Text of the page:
Moderated Poster

Poster, Podium & Video Sessions

MP26-02: Differential responsiveness to neurostimulation across the bladder filling cycle in rodents

Saturday, May 13
7:00 AM - 9:00 AM
Location: BCEC: Room 160

Presentation Authors: Bradley A. Potts*, Danielle J. Degoski, Jillene M. Brooks, Andrew C. Peterson, Durham, NC, Dwight E. Nelson, Thaddeus S. Brink, Minneapolis, MN, Matthew O. Fraser, Durham, NC

Introduction: Sacral neurostimulation (SNS) has most commonly been used as a continuous treatment for urge incontinence,but preclinical and clinical evidence suggest that non-continuous or discrete stimulation periods may also be efficacious. We used our rat model to investigate whether continuous SNS is required for increasing bladder capacity or if therapy temporally targeted to specific phases of the bladder filling cycle show similar responses.

Methods: Urethane anesthetized female Sprague-Dawley rats (n=24) received jugular and transvesical catheters. L6/S1 nerve trunks were isolated bilaterally and fine-wire bipolar electrodes were placed on each and insulated with parafilm and mineral oil. The wounds were closed with suture. Bladder catheters were connected to infusion pumps and pressure transducers. True bladder capacity (TBC) was determined using stable single fill cystometrograms following control continuous cystometry (0.1 ml/min) and prior to every stimulation period. In the first series, we tested the responses to SNS durations that were calculated to cover the initial 25%, 50%, 75%, and 100% of the control filling cycle duration (n=10; all stimulations were initiated at the start of bladder filling). In the second series, we measured responses to SNS over 25% or 50% of the bladder fill cycle, but initiated SNS at 0, 25, 50 or 75% of filling (for 25%) or at 0 or 50% of calculated filling (for 50%). For this test the 25% fills were randomly delivered. Data were analyzed by Friedman Test and Dunn's Multiple Comparisons Test.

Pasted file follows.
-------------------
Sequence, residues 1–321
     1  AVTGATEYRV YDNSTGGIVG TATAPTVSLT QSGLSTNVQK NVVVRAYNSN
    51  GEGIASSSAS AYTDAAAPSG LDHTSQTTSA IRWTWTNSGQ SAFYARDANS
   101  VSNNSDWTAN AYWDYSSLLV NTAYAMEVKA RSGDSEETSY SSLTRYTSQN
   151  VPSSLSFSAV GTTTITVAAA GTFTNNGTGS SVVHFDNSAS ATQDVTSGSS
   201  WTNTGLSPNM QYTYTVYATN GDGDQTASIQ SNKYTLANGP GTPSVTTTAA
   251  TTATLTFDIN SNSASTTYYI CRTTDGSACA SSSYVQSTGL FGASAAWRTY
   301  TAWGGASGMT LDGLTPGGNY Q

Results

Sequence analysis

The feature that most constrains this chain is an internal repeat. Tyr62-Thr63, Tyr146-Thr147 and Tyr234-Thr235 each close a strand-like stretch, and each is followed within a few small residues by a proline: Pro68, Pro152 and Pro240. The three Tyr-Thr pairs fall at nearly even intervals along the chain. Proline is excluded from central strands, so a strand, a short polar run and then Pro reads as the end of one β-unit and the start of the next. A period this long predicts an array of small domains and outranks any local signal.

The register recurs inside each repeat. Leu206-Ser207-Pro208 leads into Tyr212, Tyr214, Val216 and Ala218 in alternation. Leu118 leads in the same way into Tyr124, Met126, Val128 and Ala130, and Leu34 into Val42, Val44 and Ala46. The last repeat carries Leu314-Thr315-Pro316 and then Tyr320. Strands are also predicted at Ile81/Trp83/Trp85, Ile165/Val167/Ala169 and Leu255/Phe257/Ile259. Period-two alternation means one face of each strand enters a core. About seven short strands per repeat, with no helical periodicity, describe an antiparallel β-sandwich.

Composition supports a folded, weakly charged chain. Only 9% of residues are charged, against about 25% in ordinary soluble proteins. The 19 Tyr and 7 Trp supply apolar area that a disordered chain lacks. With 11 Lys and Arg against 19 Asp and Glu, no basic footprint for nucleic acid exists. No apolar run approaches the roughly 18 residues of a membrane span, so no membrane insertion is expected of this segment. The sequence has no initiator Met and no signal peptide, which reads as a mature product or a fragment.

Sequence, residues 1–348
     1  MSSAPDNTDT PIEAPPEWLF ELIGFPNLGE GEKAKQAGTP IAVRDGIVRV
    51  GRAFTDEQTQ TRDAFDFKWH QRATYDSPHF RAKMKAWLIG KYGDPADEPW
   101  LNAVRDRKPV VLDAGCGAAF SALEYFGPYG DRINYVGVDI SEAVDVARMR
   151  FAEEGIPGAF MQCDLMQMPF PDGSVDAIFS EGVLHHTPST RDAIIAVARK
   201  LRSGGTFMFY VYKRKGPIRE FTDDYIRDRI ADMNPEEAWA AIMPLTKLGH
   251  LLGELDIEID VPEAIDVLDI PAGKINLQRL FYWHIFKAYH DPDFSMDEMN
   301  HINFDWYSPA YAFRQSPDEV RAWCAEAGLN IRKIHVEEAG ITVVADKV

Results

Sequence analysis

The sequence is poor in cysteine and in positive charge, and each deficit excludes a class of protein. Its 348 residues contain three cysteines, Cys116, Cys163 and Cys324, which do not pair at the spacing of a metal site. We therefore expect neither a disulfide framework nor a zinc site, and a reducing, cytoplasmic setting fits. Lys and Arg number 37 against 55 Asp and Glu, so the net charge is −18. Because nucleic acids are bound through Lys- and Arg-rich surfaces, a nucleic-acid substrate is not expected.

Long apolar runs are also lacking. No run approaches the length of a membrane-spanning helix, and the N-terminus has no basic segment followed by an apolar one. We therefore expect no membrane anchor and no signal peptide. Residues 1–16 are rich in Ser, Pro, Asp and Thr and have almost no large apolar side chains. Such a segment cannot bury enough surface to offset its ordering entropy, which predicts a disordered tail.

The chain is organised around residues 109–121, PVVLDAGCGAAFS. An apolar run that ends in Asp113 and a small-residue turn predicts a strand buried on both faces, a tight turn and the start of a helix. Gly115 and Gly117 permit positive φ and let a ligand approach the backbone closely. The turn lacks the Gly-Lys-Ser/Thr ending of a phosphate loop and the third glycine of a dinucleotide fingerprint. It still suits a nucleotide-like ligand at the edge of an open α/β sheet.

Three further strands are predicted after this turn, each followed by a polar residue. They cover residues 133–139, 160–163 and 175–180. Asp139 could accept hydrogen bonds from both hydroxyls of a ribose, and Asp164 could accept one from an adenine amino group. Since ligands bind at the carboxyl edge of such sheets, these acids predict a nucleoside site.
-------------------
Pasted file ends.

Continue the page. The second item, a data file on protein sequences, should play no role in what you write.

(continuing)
Results: In the first series, we observed significant increases in TBC only when SNS was applied for 75 or 100% of the fill cycle duration (30 and 35% increases over controls, resp., p<0.05). In the second series, we observed significant increases in TBC only to SNS delivered beginning at 75 and 100% of total fill (25% duration SNS) and beginning at 50% fill (50% duration SNS; 32 and 43%, resp., p<0.001). Pre-SNS TBC control values did not change in either series.

Conclusions: These data demonstrate that SNS applications timed to occur within the latter phases of bladder filling (e.g. the final 25 or 50% of the bladder fill cycle) appear to be most important for increasing bladder capacity. A clinical strategy utilizing this principle may improve battery life and reduce frequency of reoperation for battery replacement. The results also suggest important physiological differences across the bladder filling phase that should be further explored. Temporal targeting of therapies to these phases of bladder filling may allow improved efficacy or reduced side effects.

Source Of Funding: Medtronic Inc., Minneapolis, Minnesota

Bradley A. Potts

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